Sparrow Club teaches kids how to help others in medical need

Felicia Kopperdahl, Staff Reporter

The local non-profit organization Sparrow Club, which is partnered with the Central Athletics department, is turning heads because they’re “helping kids help kids” in medical need.

Nancy Wilson, former president and board member, said anyone can put on a fundraiser and give the money to a family in need, but that isn’t what the Sparrow Club does.

Children 17 years and younger in medical need are referred to the Sparrow Club.

A local school and a sponsor, usually a business, adopts the Sparrow child. The school children engage in community service and earn sponsor dollars. The business, along with the school, donates money toward that child’s medical costs.

“To have a project you need a sponsor, student and school,” Wilson said.

Sam Cathcart, Sparrow Club coordinator, had an opportunity to work with the club after he graduated from Central. He started to volunteer, and Sparrow then gave him the opportunity to work for them.

“All our children are referred to us either by children’s hospitals, a local physician/doctor, a community member or even other Sparrow families,” Cathcart said. “They refer them to Sparrow or they download an application from the website. As a coordinator, it is my job to evaluate the applications, meet with the families, talk to them and explain our process. See if it is something they want to do, because a part of being a part of Sparrow is putting yourself out there a bit because we do a lot of stuff with the media.”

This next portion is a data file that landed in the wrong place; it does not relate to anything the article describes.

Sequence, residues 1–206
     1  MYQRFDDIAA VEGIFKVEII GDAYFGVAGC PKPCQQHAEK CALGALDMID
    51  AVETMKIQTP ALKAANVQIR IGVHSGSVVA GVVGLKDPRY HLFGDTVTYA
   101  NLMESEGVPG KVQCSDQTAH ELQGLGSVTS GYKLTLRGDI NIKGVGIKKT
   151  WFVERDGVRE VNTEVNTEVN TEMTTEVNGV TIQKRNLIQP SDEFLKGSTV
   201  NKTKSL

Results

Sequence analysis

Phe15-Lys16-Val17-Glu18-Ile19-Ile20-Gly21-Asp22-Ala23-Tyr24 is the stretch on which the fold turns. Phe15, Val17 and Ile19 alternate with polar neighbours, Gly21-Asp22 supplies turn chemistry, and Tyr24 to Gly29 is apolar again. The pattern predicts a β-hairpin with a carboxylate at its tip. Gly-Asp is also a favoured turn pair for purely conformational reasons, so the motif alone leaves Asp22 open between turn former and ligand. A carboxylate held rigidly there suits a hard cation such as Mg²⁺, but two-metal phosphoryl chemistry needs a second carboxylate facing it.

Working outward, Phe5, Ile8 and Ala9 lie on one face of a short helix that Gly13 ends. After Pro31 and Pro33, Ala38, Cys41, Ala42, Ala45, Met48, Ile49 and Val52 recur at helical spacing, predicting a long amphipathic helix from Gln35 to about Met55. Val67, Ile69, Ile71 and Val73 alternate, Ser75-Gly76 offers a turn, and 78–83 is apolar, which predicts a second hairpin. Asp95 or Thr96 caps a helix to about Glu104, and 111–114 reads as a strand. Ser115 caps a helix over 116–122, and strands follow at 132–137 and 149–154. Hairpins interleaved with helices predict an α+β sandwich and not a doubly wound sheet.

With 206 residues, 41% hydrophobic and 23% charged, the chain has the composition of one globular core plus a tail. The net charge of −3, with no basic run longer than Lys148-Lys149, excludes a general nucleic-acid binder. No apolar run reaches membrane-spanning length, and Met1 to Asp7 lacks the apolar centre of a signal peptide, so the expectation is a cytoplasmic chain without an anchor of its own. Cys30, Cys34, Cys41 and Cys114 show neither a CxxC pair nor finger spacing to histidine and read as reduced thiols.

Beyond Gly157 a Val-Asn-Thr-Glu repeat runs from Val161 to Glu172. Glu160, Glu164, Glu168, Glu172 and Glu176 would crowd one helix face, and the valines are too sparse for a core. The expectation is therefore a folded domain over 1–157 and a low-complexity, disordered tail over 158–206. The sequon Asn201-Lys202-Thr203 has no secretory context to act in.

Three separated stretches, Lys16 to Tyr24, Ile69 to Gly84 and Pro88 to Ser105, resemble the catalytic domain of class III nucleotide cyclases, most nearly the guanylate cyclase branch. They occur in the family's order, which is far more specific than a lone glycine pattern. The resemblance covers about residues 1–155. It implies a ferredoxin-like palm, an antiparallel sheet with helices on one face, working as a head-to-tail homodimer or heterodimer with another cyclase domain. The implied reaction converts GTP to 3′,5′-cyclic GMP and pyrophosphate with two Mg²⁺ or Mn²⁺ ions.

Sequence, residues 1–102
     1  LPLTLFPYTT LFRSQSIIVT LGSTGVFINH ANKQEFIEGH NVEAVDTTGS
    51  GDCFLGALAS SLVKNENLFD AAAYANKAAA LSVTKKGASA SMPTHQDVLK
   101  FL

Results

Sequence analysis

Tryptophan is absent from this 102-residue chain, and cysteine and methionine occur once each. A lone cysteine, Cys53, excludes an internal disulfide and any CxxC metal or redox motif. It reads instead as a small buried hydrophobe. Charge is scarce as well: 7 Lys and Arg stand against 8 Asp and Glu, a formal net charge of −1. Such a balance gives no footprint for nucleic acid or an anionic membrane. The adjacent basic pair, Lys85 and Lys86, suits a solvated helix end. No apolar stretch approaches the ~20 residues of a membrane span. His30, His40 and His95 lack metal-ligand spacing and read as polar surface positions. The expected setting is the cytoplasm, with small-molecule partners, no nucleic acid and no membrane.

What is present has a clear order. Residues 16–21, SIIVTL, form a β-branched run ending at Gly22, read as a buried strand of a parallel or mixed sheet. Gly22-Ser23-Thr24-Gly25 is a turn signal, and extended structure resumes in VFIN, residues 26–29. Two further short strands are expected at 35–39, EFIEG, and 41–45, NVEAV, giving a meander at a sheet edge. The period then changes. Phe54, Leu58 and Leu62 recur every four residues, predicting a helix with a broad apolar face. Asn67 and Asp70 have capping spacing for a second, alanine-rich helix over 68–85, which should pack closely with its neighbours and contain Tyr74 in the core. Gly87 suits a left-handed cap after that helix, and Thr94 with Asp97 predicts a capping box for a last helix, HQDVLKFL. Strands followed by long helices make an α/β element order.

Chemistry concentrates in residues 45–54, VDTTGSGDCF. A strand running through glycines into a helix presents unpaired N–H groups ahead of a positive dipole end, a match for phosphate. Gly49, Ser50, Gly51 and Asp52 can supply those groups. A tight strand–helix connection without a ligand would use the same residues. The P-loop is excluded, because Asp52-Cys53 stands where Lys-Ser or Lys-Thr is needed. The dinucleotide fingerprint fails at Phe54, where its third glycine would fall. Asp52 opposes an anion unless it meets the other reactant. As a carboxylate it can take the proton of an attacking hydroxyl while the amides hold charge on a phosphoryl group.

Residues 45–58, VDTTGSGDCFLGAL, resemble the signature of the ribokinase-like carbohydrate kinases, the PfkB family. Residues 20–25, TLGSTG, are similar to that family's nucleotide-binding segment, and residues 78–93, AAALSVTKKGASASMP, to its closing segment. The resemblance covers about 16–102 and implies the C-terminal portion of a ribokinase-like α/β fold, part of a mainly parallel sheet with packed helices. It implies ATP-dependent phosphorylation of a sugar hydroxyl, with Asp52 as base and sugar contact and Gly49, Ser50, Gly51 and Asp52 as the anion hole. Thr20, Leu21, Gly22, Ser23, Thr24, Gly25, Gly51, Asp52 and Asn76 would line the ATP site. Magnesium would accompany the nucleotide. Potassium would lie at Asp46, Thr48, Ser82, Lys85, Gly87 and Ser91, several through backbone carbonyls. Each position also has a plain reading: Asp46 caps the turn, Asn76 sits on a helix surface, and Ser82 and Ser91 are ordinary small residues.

Jan Clark, the mother of 11-year-old Sparrow child Avory Clark, said a Sparrow Club member approached her family after learning of Avory’s story. She learned what the club was and made sure Avory understood that her story would be public if the family went along with it. The choice was left up to Avory. Avory has been a Sparrow child since August 2014.

“She was diagnosed with Samter’s Triad,” Clark said. “It causes swelling, hives and wheezing. She also has asthma, nasal polyps and allergies.”

As a result, Avory Clark is also allergic to many medications.

Jan Clark said the Sparrow Club is wonderful, and she is grateful for their help.

“It is a great organization with the concept of ‘helping kids help kids’ so that they can learn by donating hours of helping others toward matching funds donated,” Clark said. “The only con is that more people don’t know about it or what it’s all about.”

Sparrow Club has also put together the “Sparrow Singers” group.

“It’s a choir. There are about 50 of us now. It’s a multi-generational choir,” Wilson said. “It’s people from all over the community who love to sing for benefits for Sparrow or other benefit events around the community.”

Wilson enjoys spending time with the Sparrow Club.

“I’m happy to be here,” Wilson said. “You’re never too young to make a difference.”